POS Hardware: What Do You Really Need?
POS hardware setups can vary a lot from one merchant to the next, from big-box stores with self-service kiosks, to your small-time entrepreneur friend who only takes payments on his old-ass Samsung Galaxy. Most businesses, however, will find a happy medium between these two point-of-sale setups and incorporate a few core pieces of POS equipment into their hardware setup.
Let’s go over which POS hardware items you really need . . . and which things you can probably live without.
Cloud POS Hardware — The Basic Setup
Here are the all basics you need to get started, and nothing more. With some POS’s, some of these components are combined (for example, the credit card terminal might also print receipts).
The word “cash register” has a slightly different meaning these days, and with new-school cloud POS systems, the “cash” part is usually dropped off, as the “register“ usually consists only of a computer or touch-screen tablet PC with an enclosure. Most registers only need an operating system and a computer of some kind to run your POS software on. Depending on which POS system you choose, this piece of register hardware will probably be a laptop or an iPad. You will need one computer/tablet per register.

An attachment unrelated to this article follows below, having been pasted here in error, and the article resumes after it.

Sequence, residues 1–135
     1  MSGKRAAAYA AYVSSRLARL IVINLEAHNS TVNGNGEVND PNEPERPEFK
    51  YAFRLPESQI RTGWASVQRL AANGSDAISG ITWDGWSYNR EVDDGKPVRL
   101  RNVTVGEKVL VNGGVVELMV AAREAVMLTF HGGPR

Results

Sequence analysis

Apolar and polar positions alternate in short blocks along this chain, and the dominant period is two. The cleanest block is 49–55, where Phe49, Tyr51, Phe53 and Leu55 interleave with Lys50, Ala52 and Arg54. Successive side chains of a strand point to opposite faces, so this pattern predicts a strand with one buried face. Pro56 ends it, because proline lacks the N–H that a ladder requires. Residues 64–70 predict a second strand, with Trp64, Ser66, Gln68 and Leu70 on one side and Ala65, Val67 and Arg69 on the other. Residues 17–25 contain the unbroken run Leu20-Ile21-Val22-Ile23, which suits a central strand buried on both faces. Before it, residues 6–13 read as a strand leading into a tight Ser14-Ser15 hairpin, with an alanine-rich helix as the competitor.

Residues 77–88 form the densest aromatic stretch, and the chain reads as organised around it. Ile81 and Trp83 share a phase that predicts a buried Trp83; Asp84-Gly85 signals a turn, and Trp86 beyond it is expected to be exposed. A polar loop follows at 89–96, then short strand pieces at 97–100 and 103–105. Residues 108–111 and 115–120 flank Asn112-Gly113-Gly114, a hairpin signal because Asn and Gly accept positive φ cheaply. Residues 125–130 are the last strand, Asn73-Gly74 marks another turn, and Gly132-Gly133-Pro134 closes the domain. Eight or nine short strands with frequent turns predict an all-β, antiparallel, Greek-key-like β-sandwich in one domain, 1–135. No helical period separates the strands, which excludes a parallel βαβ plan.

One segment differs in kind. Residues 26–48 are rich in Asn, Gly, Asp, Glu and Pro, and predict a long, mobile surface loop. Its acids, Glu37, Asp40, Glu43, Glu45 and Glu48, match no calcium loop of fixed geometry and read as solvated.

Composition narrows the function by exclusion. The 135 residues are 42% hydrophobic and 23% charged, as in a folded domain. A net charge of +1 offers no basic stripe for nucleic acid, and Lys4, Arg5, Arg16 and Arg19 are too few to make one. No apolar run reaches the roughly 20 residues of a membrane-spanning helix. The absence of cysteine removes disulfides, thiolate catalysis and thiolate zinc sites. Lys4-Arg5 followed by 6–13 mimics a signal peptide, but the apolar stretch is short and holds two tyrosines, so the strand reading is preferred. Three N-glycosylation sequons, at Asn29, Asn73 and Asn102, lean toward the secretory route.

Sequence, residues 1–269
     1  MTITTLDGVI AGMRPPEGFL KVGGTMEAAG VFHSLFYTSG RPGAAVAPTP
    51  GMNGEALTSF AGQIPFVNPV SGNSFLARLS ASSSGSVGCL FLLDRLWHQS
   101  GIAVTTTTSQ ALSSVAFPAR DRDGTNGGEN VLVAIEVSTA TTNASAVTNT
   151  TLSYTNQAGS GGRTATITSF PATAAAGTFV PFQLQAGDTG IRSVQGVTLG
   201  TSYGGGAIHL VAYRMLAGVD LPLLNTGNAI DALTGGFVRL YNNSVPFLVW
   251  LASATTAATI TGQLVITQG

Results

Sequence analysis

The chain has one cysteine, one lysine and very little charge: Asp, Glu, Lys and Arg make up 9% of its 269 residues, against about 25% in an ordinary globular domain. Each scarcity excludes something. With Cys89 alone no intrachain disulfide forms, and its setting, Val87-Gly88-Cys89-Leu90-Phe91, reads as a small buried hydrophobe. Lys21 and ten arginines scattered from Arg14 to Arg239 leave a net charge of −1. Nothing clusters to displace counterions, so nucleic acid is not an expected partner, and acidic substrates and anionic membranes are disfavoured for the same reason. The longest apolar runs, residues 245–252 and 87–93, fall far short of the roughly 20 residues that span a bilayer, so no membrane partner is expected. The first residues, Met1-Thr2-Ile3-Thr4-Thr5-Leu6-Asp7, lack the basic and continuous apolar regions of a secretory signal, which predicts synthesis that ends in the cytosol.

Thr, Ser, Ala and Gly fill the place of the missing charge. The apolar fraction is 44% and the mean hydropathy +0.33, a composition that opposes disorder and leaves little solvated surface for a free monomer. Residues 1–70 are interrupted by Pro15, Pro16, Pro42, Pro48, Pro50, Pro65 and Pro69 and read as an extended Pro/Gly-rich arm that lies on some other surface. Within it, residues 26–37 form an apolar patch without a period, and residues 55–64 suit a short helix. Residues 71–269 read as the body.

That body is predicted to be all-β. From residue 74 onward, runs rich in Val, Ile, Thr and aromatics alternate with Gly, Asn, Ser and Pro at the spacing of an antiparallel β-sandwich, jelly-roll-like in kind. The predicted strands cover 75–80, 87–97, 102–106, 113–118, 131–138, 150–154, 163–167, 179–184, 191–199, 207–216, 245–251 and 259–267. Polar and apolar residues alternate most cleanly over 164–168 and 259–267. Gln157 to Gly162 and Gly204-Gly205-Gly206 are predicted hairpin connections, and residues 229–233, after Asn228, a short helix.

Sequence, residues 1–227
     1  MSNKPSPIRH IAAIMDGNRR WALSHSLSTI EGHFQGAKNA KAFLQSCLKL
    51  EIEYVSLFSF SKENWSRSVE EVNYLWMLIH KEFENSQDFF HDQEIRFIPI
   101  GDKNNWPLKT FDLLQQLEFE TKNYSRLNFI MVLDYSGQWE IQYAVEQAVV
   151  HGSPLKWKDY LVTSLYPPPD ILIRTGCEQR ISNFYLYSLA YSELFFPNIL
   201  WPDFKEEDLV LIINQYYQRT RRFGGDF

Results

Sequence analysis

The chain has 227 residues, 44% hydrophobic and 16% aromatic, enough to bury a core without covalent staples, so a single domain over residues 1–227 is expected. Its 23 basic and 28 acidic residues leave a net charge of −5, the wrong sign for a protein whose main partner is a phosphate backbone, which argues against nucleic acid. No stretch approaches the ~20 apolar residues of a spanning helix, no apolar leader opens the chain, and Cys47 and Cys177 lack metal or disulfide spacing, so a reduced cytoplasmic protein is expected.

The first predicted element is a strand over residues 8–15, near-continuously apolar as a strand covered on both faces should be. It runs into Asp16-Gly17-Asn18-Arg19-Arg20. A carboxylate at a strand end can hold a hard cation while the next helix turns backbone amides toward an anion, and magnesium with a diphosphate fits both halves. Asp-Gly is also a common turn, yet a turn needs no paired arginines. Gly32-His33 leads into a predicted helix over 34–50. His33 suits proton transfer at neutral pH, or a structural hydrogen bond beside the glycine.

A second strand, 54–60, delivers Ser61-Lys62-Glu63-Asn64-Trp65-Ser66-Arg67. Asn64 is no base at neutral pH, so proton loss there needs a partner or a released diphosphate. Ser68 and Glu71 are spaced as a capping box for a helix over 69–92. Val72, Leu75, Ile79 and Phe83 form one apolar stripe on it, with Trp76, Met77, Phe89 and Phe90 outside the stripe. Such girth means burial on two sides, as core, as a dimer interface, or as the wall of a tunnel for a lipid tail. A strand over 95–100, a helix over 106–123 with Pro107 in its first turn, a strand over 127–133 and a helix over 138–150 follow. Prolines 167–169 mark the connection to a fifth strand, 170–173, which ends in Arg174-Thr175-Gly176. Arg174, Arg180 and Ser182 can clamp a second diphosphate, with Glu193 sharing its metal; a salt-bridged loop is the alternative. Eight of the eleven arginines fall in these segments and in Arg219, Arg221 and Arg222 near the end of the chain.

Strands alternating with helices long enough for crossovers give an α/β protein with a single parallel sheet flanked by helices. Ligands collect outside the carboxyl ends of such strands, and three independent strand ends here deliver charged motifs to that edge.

Most systems that use an iPad or other tablet usually sell a stand or enclosure to house and protect the device.
Credit Card Terminal
Another essential piece of POS hardware, the credit card terminal/reader, comes in many different varieties and form factors. It could be just a basic magstripe card reader, or one that’s capable of accepting both swiped cards and chip-card transactions. It might be a standard reader that works for multiple POS systems, such as the Ingenico iCT220, or a proprietary reader that only works with your particular POS software. The reader might be a separate item that plugs into your tablet, or be incorporated into the register interface as an all-in-one terminal, as is the case with Clover Mini’s credit card terminal.
With some very lightweight, mobile POS solutions, such as Square’s EMV-compliant credit card reader, are super minimalistic, consisting of just a small square that plugs into your phone or tablet’s headphone jack.